My questions for you today - should I freeze the random herbs? How long will they last for? How can I make spinach last more than 3 days? How did that dough get behind the radio on the windowsill?


  1. Yes, freeze the herbs. You can even do this in ice-cube trays with a small amount of water so that you can just defrost a lump or 2 as you need them. Spinach - cook it and freeze it (I bought some in the Galapagos, did this and was still using it weeks later mid-pacific!). You can do this with brocolli etc as well rather than waste anything!
    As for the dough, I can't answer that but I have also found it on the ceiling of the galley before (perhaps I was bracing myself against a rogue wave mid-kneed though!)
    PS. Now I have a question: Do any of us that were in Russia together like dill now? I too think it is the devil's food!

  2. Ooh, thanks for that. I will try freezing them, though I've had another tip about chopping them finely and then freezing them. The problem with the ice-cube trays is that Master Jay's food gets put in those, and if we end up feeding him a chunk of chives or something he's not going to be impressed.

    I don't think anyone who has spent time in Russia likes dill any more. Although when I did use it the other day, I was suddenly transported back to St Petersburg - one of those "smell-memory" things - which I quite enjoyed.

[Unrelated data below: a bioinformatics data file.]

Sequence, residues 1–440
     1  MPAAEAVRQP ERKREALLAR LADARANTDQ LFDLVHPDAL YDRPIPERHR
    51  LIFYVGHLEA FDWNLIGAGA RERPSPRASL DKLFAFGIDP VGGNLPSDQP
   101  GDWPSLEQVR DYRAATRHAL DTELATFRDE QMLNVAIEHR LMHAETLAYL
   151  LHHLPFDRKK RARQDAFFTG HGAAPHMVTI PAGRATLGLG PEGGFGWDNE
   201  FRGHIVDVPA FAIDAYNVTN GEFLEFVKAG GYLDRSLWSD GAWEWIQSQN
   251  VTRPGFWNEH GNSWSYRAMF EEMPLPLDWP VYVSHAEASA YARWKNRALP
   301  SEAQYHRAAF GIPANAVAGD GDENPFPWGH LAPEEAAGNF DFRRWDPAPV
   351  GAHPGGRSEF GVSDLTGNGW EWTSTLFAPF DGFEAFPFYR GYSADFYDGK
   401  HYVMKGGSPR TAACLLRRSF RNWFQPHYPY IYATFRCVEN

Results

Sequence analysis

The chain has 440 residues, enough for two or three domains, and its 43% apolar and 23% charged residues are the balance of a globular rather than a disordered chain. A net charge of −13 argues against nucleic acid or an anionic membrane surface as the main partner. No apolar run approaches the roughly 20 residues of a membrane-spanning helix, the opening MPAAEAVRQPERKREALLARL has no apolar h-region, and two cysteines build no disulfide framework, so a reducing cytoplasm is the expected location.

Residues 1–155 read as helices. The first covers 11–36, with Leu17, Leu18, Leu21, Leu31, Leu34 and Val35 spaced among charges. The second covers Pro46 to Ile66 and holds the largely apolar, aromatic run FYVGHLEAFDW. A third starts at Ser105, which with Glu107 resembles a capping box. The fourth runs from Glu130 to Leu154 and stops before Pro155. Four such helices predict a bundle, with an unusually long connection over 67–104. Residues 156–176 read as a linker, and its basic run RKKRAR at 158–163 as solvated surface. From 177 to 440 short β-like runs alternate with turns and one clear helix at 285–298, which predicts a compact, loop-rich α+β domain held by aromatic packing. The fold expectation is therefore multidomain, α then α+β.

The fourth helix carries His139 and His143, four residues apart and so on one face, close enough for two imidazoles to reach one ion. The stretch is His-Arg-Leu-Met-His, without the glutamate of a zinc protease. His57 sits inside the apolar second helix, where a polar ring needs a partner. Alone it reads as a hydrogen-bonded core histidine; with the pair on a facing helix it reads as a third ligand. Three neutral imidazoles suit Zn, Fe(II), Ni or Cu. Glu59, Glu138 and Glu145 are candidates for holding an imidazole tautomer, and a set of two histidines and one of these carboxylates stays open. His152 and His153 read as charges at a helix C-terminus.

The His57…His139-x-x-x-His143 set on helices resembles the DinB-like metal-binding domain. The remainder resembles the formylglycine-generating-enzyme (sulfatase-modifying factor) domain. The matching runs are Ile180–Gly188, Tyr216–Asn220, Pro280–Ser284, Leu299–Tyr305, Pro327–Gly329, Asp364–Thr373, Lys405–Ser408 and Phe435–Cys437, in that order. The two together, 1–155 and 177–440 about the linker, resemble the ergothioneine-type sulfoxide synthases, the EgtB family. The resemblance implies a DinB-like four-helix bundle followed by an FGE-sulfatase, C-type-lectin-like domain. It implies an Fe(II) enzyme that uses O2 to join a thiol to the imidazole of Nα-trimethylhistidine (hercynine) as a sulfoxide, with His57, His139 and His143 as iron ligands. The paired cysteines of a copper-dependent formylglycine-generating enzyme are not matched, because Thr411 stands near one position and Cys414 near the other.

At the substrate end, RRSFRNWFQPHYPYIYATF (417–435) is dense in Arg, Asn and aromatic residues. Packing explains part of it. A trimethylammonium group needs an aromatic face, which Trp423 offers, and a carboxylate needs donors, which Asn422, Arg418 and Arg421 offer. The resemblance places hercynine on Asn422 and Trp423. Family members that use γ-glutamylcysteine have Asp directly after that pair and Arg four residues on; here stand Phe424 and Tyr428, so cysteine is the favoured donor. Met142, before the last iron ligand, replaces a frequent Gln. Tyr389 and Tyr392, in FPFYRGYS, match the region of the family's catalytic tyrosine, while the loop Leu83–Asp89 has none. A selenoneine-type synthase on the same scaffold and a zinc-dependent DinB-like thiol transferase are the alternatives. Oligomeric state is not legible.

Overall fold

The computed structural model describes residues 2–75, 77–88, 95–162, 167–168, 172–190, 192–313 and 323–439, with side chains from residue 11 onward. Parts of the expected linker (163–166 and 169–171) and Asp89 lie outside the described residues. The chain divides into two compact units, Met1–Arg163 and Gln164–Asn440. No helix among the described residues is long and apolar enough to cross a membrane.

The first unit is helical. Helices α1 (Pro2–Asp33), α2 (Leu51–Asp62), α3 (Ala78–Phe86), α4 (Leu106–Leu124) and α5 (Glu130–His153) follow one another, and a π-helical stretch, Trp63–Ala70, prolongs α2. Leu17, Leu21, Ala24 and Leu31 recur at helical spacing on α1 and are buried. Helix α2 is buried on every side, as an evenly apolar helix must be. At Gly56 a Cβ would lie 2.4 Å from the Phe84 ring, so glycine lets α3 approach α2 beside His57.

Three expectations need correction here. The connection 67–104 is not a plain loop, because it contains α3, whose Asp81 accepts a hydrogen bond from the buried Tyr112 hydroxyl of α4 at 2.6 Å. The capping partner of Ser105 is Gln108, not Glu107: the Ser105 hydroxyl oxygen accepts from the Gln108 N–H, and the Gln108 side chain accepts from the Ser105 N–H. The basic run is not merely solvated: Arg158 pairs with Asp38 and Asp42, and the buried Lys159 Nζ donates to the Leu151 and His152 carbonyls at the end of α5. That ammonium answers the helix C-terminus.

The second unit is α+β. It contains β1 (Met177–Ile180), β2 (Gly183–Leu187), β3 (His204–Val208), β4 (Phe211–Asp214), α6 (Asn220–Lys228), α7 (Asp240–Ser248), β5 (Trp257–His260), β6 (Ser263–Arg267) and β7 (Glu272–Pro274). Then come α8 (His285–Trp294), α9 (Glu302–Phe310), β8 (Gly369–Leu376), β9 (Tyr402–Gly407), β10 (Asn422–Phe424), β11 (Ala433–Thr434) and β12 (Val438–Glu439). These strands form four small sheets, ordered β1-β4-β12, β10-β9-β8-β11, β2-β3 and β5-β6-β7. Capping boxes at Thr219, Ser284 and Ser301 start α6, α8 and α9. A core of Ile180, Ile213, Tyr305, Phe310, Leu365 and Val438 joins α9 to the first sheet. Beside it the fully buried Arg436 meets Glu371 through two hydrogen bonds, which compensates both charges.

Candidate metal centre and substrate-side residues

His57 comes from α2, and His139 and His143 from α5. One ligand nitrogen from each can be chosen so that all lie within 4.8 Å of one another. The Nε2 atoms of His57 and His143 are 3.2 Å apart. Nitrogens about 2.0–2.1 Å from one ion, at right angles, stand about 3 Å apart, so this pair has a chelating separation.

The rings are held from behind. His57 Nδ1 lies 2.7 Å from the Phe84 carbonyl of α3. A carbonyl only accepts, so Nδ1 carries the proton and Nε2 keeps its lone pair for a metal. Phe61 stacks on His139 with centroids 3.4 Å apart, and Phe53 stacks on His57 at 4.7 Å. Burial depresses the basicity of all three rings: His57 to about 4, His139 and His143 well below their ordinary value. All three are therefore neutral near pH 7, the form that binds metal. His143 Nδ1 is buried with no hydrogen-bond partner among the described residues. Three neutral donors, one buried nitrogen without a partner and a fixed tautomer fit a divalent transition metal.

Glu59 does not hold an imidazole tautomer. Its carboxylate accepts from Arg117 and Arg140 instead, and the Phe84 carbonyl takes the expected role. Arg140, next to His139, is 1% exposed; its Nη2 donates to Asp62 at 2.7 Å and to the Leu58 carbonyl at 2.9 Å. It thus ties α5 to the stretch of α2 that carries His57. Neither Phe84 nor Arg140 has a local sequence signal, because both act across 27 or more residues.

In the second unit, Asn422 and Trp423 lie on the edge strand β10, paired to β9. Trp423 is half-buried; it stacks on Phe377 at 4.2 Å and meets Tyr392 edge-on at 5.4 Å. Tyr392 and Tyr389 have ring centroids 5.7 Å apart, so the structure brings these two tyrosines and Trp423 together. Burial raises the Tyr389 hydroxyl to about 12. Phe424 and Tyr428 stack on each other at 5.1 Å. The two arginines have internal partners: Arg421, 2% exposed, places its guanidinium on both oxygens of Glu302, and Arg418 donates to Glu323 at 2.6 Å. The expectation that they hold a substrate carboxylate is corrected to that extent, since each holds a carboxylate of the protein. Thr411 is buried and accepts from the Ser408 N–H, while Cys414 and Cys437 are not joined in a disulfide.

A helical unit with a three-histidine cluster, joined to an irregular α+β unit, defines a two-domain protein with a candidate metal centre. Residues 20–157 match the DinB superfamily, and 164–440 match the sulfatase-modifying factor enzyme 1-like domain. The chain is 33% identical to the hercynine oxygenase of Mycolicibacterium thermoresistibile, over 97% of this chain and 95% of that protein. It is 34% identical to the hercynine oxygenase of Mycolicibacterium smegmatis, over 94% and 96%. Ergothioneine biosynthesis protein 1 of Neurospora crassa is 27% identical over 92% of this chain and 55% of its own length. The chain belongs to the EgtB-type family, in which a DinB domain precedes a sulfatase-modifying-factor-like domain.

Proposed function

3. Hey!
    Great ideas, great recipes, great everything!!
    To answer your questions:
    -you can freeze the herbs after washing them, chopping them very finely with a very sharp knife and squeezing them in a clothe to make them as dry as possible. You can also put them in an ice cube tray... OR you can put them all fresh in a salade, chuck them in a bottle of vodka, make herb bread, put them to dry and use them as dried herbs...
    - To keep fresh spinach, you can wash it, dry it, properly and keep it in kitchen paper or do what you'd with herbs and freeze it.
    - Your ciabatta dough seems to have a life of its own: call Ghostbusters!!!!
    Not sure I'm being useful, but I like trying! :P

  4. hmmmm, vodka. I had a friend once who used to put red chillies in vodka, which worked well, and at a wedding last year I was introduced to the delights of rhubarb vodka, which was delightful.